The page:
Reaching the Hardest To Reach: Giving Aid to Afghanistan
The new report from the UK’s Independent Commission on Aid Impact (ICAI) on aid to Afghanistan highlights some important issues about the difficulty of delivering aid to conflict affected and fragile states.
In countries with little infrastructure, recurrent instability and questionable governance delivering aid effectively and monitoring exactly where every penny goes can be very difficult, but many of the poorest and most vulnerable people live in fragile states so we have an obligation to help.
Conflict affected and fragile states are home to 1.5 billion people, many of whom live in insecure and impoverished environments. These countries tend to have the greatest levels of income poverty, the highest rates of maternal and child mortality and malnutrition, the lowest levels of school enrolment, and the worst-quality public services. Not a single Millennium Development Goal will be met in a fragile state.
A quiet revolution for the better
In spite of these challenges many countries, like Afghanistan, are making dramatic progress, in large part thanks to overseas aid. Justin Forsyth, Save the Children UK’s CEO, was in Afghanistan recently and described a ‘quiet revolution that is changing Afghanistan for the better.’
Now new data by the Afghan government says deaths have been cut dramatically, to one in 10 children and one in 50 mothers. These improvements are thanks to new health clinics and more health workers – the majority of which are being supported by overseas aid.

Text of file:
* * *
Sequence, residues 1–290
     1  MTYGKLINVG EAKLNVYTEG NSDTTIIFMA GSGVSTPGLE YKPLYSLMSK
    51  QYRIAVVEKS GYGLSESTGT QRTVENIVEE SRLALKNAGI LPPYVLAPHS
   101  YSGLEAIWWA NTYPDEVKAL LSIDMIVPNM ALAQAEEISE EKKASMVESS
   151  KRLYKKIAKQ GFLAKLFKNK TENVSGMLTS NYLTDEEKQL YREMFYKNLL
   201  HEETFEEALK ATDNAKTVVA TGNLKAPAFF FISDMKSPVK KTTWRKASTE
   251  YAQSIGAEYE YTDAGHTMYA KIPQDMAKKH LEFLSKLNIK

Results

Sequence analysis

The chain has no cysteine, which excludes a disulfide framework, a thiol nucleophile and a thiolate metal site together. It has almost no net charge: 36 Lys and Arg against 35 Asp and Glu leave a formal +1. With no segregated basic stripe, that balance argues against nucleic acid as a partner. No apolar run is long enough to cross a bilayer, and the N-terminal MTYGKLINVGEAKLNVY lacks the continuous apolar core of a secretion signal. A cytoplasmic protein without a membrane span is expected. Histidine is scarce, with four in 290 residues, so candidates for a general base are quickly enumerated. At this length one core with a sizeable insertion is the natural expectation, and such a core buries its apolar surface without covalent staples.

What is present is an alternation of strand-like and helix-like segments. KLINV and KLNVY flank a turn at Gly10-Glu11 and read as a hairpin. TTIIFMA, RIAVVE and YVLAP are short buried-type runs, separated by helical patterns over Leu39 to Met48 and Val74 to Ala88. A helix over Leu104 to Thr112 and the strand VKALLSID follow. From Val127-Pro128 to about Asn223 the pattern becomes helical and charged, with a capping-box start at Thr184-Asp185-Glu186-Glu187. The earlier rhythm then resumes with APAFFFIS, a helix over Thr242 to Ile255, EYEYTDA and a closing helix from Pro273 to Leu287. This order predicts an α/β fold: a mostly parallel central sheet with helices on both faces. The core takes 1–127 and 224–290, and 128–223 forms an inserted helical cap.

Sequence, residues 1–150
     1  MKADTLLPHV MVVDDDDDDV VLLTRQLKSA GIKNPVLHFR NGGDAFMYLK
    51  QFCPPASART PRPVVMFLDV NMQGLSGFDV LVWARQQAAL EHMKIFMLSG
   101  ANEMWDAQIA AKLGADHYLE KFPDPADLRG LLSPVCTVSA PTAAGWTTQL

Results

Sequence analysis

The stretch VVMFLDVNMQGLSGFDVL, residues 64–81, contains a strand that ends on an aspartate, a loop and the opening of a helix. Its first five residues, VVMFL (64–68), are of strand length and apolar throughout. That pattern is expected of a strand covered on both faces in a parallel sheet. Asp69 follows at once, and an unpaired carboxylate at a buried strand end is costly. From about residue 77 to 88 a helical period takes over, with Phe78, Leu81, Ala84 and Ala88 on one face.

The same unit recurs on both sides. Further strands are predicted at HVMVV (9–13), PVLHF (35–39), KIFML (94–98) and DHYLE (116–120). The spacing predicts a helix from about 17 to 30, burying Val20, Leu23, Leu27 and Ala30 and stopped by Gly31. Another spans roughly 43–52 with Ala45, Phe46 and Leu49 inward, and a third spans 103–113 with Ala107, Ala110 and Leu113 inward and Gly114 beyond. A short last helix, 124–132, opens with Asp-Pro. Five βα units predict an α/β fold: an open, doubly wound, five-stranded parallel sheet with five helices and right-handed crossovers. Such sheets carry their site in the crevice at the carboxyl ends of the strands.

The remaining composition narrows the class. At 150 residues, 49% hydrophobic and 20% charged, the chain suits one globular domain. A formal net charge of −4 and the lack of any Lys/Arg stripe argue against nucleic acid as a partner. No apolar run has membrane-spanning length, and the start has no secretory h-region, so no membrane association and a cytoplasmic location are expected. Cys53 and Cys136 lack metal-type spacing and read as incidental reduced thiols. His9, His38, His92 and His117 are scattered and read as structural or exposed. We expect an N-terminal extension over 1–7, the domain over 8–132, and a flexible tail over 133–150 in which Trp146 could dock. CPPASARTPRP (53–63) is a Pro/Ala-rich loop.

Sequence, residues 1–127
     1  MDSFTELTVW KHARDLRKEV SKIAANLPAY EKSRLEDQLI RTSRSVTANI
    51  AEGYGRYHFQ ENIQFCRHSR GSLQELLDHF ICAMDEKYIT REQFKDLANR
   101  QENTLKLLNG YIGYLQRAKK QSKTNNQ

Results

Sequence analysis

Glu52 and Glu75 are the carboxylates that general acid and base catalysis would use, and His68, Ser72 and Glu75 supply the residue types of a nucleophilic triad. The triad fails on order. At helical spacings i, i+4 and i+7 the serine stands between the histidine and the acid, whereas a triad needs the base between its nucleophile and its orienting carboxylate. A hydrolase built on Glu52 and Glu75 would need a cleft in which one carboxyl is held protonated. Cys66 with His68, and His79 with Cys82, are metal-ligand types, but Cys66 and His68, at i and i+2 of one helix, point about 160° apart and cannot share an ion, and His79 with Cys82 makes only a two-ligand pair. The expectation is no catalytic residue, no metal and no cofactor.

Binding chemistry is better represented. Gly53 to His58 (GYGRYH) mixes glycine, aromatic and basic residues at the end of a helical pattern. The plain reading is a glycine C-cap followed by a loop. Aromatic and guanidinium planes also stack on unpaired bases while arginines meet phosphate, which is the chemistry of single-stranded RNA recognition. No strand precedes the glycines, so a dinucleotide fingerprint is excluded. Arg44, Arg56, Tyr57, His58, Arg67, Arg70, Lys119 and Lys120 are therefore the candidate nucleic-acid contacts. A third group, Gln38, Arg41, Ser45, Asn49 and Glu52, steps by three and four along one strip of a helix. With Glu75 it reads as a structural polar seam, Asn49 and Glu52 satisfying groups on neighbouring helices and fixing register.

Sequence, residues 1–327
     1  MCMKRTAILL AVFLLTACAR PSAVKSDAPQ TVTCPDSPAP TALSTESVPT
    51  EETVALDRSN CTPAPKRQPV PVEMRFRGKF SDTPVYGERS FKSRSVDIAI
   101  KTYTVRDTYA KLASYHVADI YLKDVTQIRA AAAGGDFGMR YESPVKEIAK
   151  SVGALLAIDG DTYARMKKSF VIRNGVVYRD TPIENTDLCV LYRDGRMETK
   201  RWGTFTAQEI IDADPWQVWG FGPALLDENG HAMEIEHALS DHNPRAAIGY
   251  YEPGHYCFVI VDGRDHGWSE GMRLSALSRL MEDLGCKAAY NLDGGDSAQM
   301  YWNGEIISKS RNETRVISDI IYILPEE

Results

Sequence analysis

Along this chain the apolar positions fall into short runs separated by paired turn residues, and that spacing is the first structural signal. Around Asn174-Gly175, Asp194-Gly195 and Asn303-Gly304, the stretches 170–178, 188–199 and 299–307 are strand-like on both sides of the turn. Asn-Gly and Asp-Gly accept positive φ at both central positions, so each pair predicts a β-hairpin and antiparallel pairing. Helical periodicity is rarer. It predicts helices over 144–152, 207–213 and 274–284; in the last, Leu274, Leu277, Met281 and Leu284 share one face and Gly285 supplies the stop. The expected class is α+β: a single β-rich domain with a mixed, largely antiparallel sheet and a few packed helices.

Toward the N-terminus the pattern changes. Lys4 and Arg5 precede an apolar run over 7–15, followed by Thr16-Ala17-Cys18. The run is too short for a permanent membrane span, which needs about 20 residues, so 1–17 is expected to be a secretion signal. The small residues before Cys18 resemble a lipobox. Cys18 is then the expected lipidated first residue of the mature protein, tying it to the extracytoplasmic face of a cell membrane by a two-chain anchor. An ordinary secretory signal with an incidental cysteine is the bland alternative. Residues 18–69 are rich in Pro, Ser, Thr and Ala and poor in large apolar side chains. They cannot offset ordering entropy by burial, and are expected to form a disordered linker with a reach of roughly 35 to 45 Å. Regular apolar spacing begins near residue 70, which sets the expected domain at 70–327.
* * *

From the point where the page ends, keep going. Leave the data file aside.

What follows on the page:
This statistics show the amazing impact that aid is having on the lives of ordinary people, otherwise forced to live without the services and support that we often take for granted.
Hardest to reach, most in need
These people are the hardest to reach and the ones most in need of our help. If we don’t help them, then our global development aspirations will never be achieved (see our report A Fair Chance At Life for more information on the importance of reaching the hardest to reach).
Britain’s Department for International Development (DFID) is both brave and right to work in such contexts and we applaud them. They should not be put off by the ICAI report but embrace its helpful recommendations on skilled staff to manage the distribution of funds and financial risk assessments.
Putting in place these checks and balances will help to strengthen the effectiveness of DFID’s aid programme in Afghanistan and build on the impact it is already having.
Continued assistance to Afghanistan will be vital for the country’s many poor people, as the Afghan government slowly starts to put in place the political, economic and social infrastructure that will enable it to care for its own citizens and eventually stand on its own two feet.